Resident Raptor - Northern Spotted Owl
Chenoa & Luna
Chenoa The larger bird is female and was the first product of a breeding physiology
research project. She was bred in captivity in 1994 and fostered into a wild
family as a fledgling. She was not adopted and could not hunt on her own and
was recaptured, starving. She was transferred to CRC in October 1994 because
US Fish & Wildlife felt she could better serve her species in education than
by dying in the wild, as do between 60% and 90% of the young of each year.
Luna The smaller bird is male and was found as a dispersing juvenile in October
2000 on a golf course near Salem. Both wings were broken and though one
healed well, the other healed in poor alignment and he is unable to fly well
enough for release.
Read about a Northern Spotted Owl release in 2004.
Northern Spotted Owl (Strix occidentalis caurina)
This owl lives in the deep forests of the Pacific Northwest, with camouflage
feathering to blend with patterns of dim light filtering through tree
branches. Like the related Barred Owl, this species has a stocky body, short
tail, and broad wings; the sexes are similar, but the female is generally
larger. The large head is rounded and lacks ear tufts; a facial disc with a
feather pattern of concentric barring surrounds large, dark brown eyes. The
head and upperparts are dark brown, irregularly spotted and speckled with
white. The under parts are dark brown and buff, with large, white, rounded
spots, and barring across the belly. The Northern Spotted Owl can be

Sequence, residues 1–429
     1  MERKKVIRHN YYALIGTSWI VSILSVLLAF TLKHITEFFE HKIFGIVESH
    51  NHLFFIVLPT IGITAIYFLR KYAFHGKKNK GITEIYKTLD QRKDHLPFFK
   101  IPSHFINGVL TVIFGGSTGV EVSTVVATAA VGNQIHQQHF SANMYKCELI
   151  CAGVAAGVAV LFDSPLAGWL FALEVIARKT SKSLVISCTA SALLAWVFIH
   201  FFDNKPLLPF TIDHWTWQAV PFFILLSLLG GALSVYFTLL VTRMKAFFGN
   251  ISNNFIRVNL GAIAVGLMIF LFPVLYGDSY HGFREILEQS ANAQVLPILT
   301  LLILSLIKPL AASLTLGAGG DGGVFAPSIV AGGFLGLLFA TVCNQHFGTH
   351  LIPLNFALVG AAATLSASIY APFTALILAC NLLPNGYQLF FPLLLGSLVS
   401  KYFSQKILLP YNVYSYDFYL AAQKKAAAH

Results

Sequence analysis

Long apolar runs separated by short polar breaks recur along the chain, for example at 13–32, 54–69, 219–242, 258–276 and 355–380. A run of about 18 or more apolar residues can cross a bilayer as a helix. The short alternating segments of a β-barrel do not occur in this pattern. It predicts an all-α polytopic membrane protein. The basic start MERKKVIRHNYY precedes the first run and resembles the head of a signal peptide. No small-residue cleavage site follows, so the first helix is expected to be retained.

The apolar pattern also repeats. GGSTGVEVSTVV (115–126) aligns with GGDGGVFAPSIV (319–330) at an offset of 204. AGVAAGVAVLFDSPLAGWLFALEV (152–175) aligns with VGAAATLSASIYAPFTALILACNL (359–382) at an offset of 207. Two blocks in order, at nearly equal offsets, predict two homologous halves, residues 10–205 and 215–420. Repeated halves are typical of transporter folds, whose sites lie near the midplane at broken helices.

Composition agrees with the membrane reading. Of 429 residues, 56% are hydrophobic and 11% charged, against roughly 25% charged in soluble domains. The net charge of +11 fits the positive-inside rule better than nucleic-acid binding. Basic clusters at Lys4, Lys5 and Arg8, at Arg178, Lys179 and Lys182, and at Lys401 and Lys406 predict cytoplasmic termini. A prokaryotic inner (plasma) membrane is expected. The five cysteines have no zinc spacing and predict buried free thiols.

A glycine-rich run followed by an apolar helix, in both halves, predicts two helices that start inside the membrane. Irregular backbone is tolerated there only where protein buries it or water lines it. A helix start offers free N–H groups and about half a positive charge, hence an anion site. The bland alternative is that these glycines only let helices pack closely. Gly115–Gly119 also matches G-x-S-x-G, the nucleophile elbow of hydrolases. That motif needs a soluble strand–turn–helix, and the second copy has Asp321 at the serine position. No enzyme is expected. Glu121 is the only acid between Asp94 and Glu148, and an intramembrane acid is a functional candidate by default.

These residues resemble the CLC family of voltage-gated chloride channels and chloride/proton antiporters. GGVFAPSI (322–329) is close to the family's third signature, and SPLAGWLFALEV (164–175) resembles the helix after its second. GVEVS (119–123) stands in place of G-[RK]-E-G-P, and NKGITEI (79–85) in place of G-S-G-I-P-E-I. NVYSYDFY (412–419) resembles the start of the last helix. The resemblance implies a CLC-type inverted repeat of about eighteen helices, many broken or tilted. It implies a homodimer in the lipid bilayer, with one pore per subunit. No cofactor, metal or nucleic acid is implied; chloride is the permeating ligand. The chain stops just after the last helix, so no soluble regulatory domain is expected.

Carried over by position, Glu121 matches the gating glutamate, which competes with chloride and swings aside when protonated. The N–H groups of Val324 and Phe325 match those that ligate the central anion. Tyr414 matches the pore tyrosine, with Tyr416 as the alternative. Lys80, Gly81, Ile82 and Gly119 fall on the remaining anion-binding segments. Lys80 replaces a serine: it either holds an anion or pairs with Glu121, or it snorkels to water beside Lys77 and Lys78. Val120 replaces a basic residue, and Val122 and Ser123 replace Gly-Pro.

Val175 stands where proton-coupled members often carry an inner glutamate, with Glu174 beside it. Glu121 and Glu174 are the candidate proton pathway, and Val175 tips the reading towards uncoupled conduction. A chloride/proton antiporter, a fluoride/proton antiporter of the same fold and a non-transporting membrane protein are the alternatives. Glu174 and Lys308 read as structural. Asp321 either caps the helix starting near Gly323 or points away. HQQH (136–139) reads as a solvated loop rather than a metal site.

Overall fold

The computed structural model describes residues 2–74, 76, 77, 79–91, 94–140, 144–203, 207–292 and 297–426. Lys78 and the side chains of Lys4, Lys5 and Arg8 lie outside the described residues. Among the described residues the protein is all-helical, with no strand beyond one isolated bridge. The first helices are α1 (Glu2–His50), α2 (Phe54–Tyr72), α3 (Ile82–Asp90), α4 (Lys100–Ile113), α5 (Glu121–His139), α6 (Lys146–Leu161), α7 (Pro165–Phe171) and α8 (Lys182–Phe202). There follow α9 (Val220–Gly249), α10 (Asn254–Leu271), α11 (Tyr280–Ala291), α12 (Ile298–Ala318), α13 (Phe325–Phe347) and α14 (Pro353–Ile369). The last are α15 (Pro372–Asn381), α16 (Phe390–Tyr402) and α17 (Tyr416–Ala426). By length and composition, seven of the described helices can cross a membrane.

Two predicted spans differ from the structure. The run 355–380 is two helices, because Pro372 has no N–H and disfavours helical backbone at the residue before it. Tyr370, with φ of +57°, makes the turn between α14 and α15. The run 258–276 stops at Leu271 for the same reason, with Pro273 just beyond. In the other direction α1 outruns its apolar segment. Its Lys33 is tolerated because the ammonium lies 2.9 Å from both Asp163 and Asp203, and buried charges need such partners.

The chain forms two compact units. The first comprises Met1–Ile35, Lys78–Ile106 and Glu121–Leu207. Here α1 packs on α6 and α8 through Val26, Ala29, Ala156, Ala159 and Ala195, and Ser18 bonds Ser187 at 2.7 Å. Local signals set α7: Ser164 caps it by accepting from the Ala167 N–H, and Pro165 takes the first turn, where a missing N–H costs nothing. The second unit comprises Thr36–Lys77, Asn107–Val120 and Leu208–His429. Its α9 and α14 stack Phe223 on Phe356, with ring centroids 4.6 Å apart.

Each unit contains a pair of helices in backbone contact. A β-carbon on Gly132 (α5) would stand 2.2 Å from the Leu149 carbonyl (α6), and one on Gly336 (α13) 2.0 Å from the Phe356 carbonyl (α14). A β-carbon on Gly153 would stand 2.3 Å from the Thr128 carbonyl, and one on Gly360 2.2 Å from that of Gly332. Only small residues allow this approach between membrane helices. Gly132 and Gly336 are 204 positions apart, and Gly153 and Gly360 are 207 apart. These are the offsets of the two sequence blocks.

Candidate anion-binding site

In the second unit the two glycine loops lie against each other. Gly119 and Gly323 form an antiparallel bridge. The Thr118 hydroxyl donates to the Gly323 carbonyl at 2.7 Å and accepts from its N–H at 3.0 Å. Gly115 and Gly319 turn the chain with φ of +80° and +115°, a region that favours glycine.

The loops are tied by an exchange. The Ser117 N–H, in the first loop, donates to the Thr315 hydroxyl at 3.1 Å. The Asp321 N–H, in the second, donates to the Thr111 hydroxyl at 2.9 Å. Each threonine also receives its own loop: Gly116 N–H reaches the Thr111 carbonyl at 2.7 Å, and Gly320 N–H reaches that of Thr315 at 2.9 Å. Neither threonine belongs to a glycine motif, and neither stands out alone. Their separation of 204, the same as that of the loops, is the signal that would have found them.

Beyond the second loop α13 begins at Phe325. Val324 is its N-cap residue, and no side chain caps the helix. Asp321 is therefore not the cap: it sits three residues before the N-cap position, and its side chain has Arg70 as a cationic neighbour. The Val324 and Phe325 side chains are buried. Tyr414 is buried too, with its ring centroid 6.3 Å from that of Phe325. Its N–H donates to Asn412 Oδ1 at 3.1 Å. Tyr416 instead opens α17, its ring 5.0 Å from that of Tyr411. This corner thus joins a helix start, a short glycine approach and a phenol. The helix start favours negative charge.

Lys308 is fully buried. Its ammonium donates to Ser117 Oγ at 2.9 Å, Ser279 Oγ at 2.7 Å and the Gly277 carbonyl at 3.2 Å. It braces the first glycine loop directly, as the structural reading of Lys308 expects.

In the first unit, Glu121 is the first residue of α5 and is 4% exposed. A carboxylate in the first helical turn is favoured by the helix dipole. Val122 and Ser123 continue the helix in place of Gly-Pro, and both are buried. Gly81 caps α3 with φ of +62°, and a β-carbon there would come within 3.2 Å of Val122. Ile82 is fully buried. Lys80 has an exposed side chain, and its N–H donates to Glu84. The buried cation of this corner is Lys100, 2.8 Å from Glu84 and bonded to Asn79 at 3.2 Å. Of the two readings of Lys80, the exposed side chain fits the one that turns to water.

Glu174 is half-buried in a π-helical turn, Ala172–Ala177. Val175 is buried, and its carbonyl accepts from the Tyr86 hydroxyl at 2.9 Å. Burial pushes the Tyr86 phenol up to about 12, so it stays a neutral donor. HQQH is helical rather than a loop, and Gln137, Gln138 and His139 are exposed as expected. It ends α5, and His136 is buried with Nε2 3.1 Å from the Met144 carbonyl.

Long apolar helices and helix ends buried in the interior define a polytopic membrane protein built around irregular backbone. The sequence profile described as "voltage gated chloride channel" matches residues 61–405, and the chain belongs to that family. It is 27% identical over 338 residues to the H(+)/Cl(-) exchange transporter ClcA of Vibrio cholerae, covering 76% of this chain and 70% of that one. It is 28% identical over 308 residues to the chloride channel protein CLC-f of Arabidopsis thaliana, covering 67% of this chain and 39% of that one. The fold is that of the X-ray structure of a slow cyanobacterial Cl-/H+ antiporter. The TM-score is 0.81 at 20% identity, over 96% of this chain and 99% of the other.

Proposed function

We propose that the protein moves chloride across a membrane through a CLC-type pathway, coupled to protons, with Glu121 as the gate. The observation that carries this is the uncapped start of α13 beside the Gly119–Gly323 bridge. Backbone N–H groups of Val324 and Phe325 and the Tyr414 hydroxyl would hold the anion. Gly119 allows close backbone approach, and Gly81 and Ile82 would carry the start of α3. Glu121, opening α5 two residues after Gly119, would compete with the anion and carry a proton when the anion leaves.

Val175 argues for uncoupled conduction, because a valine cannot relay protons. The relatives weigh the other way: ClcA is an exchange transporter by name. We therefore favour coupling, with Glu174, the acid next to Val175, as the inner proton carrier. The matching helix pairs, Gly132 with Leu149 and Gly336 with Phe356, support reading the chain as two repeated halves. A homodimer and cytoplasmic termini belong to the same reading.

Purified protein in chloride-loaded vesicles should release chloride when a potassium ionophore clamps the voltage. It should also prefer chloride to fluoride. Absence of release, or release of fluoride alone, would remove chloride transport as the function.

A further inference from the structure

distinguished from the Barred Owl in its darker color, smaller size, lack of
streaking on the belly, darker face, and greenish, horn-colored bill. Fledglings of the Northern Spotted Owl have a narrower pattern of bands on the wings than fledglings of its relative.
Size - Length: 17.5" ave. • Wing Span: 40" ave. • Weight: 1.3 lb. ave.
Status - State and federally protected;
listed as Threatened under the Endangered Species Act.
Habitat - The Northern Spotted Owl lives
in mature to old-growth coniferous forests and typically requires large
territories. Avoids open areas, where it is vulnerable to predation by the
Great Horned Owl; has been found nesting in managed stands of second-growth
redwoods, where the growth of shoots from redwood stumps creates excellent
habitat for wood rats, which have become the favored prey of the Spotted Owl
in that habitat.
Diet - Small mammals, primarily rodents,
are the major part of the diet. The Northern Flying Squirrel is the single
most important prey species. This nocturnal to semi-nocturnal owl is an
opportunistic hunter, and will also take birds, fish, reptiles, amphibians,
and insects. The most common hunting technique is diving down on prey from
an elevated perch.
Call - The call most often heard is a
four or five note, barking call of whoooo...oowho,oowhooo. Resembles the
Barred Owl call, but higher in pitch and a shorter series of notes.
Nesting - Almost all Northern Spotted
Owl nests are found in old-growth conifers near water. About 65% of nests
are found in tree cavities or the broken top of trees where branches have
grown up to cover the old top, and 35% of nests are moss platforms on
horizontal branches or stick constructions, usually built by other species.
Most Common Problems - Collisions with
vehicles. Destruction and fragmentation of habitat from logging, and
degrading of habitat through policies of even-aged tree management are the
major threat to this species.